Luther and the Reformation: eBook

This eBook from the Gutenberg Project consists of approximately 145 pages of information about Luther and the Reformation:.

HUMAN GREATNESS.

Some men are colossal.  Their characters are so massive, and their position in history is so towering, that other men can hardly get high enough to take their measure.  An overruling Providence so endows and places them that they affect the world, turn its course into new channels, impart to it a new spirit, and leave their impress on all the ages after them.  Even humble individuals, without titles, crowns, or physical armaments, have wrought themselves into the very life of the race and built their memorials in the characteristics of epochs.

History tells of a certain Saul of Tarsus, a lone and friendless man, stripped of all earthly possessions, forced into battle with a universe of enthroned superstition, encompassed by perils which threatened every hour to dissolve him, who, pressing his way over mountains of difficulty and through seas of suffering, and dying a martyr to his cause, gave to Europe a living God and to the nations another and an everlasting King.

We likewise read of a certain Christopher Columbus, brooding in lowly retirement upon the structure of the physical universe, ridiculed, frowned on by the learned, repulsed by court after court, yet launching out into the unknown seas to find an undiscovered hemisphere, and opening the way for persecuted Liberty to cradle the grand empire of popular rule amid the golden hills of a new and independent continent.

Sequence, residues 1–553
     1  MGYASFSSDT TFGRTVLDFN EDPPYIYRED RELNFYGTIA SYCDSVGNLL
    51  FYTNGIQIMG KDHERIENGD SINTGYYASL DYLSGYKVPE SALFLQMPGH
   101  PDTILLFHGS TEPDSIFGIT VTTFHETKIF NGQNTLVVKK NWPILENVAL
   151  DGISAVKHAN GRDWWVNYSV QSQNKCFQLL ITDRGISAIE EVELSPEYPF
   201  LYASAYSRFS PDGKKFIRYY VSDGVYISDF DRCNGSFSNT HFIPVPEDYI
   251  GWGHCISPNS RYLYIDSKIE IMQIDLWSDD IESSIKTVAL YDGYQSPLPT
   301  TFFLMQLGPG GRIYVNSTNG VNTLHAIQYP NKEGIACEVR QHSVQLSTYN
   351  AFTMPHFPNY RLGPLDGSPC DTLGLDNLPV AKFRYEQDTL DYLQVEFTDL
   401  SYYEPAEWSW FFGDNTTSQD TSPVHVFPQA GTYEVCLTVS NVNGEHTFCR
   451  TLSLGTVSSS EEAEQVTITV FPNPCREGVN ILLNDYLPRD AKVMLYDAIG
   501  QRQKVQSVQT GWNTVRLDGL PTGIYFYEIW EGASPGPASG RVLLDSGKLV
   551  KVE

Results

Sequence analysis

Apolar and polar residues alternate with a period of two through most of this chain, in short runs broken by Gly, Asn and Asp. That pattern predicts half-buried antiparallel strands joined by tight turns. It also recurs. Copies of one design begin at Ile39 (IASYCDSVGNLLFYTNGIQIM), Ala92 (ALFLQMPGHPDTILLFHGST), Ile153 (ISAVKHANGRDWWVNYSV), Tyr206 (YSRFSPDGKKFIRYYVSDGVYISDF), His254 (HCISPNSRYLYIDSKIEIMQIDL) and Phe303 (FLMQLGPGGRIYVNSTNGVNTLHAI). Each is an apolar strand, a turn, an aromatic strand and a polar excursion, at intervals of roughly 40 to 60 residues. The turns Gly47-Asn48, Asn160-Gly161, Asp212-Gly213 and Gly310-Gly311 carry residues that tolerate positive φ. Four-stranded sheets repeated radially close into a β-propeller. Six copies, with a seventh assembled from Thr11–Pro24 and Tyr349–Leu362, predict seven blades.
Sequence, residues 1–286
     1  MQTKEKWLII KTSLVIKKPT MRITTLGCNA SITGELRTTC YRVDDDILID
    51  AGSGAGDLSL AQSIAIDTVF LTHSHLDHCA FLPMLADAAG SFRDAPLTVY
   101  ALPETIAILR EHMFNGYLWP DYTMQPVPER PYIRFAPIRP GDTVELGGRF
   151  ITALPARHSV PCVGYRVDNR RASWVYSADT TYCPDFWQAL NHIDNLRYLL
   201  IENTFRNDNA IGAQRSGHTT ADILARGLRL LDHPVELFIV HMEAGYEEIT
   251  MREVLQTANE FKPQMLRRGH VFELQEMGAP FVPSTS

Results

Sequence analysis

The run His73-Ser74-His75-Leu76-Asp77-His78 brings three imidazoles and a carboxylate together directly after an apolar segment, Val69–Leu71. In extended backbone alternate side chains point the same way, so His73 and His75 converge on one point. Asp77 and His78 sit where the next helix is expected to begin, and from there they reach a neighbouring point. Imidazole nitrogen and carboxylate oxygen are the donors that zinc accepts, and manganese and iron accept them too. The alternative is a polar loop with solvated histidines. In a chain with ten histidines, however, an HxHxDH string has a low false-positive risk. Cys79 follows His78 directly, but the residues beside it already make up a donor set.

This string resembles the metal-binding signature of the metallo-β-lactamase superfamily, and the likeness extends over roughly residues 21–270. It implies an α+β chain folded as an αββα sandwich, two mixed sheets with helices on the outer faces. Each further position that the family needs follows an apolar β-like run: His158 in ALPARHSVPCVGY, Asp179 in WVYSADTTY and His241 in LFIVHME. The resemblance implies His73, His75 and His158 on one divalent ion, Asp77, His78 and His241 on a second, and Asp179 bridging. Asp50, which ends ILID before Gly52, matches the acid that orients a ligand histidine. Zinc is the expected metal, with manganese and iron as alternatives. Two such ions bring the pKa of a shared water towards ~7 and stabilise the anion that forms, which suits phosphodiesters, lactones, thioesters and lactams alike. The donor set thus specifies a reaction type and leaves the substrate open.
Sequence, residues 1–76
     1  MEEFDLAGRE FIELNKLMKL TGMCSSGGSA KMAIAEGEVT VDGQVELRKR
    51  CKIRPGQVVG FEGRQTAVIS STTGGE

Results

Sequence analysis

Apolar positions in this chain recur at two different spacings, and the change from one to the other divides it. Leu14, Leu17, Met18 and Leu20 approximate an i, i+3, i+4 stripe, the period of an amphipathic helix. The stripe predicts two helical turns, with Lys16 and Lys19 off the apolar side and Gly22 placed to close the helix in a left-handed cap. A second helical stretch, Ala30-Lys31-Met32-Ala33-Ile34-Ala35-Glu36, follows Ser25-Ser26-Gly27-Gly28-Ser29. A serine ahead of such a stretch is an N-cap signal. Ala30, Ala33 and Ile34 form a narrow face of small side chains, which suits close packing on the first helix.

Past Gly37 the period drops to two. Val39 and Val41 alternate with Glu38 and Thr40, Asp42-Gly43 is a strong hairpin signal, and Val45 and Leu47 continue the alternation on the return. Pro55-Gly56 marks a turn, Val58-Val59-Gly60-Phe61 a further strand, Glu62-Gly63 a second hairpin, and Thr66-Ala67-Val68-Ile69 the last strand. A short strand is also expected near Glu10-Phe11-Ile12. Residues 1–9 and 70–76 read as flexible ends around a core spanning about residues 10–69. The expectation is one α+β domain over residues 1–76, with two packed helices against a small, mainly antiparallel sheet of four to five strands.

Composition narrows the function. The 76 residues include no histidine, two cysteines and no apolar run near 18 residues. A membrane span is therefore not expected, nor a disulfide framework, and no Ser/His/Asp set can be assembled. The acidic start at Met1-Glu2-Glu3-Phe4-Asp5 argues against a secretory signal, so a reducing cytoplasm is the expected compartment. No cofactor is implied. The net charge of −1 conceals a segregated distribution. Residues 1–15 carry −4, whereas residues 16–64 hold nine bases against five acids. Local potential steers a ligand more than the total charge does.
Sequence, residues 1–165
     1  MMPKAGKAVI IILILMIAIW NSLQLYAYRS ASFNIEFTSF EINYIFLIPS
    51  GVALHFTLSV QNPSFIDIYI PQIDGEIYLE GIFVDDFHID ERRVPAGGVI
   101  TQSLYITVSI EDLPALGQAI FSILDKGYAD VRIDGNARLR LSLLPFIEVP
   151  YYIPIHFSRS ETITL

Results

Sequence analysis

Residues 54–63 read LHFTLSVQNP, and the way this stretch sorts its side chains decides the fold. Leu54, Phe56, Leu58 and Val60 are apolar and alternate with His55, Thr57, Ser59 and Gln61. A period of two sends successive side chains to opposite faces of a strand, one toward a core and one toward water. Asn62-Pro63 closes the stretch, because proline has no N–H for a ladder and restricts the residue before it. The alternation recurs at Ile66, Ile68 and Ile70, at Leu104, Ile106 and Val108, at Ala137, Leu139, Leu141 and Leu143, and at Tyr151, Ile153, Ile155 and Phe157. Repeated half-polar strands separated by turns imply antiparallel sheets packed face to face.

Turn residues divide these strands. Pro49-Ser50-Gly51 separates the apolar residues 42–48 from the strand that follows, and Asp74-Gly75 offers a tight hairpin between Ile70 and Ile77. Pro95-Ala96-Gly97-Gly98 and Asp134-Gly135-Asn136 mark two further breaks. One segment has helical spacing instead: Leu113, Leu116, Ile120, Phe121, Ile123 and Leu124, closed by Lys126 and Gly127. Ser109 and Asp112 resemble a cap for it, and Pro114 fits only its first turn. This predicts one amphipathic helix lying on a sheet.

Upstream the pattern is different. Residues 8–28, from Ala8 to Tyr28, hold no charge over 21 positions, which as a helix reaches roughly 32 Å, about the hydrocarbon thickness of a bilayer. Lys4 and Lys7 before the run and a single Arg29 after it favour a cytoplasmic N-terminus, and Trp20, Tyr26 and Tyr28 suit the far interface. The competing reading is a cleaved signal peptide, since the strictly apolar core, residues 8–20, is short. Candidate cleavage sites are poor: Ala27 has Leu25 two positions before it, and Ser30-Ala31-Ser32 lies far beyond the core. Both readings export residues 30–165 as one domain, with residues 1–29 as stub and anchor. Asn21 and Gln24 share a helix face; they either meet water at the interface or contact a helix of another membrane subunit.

And in this category stands the name of MARTIN LUTHER.

He was a poor, plain man, only a doctor of divinity, without place except as a teacher in a university, without power or authority except in the convictions and qualities of his own soul, and with no implements save his Bible, tongue, and pen; but with him the ages divided and human history took a new departure.

Two pre-eminent revolutions have passed over Europe since the beginning of the Christian era.  The one struck the Rome and rule of emperors; the other struck the Rome and rule of popes.  The one brought the Dark Ages; the other ended them.  The one overwhelmed the dominion of the Caesars; the other humiliated a more than imperial dominion reared in Caesar’s place.  Alaric, Rhadagaisus, Genseric, and Attila were the chief instruments and embodiment of the first; Martin Luther was the chief instrument and embodiment of the second.  The one wrought bloody desolation; the other brought blessed renovation, under which humanity has bloomed its happiest and its best.

THE PAPACY.

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Luther and the Reformation: from Project Gutenberg. Public domain.
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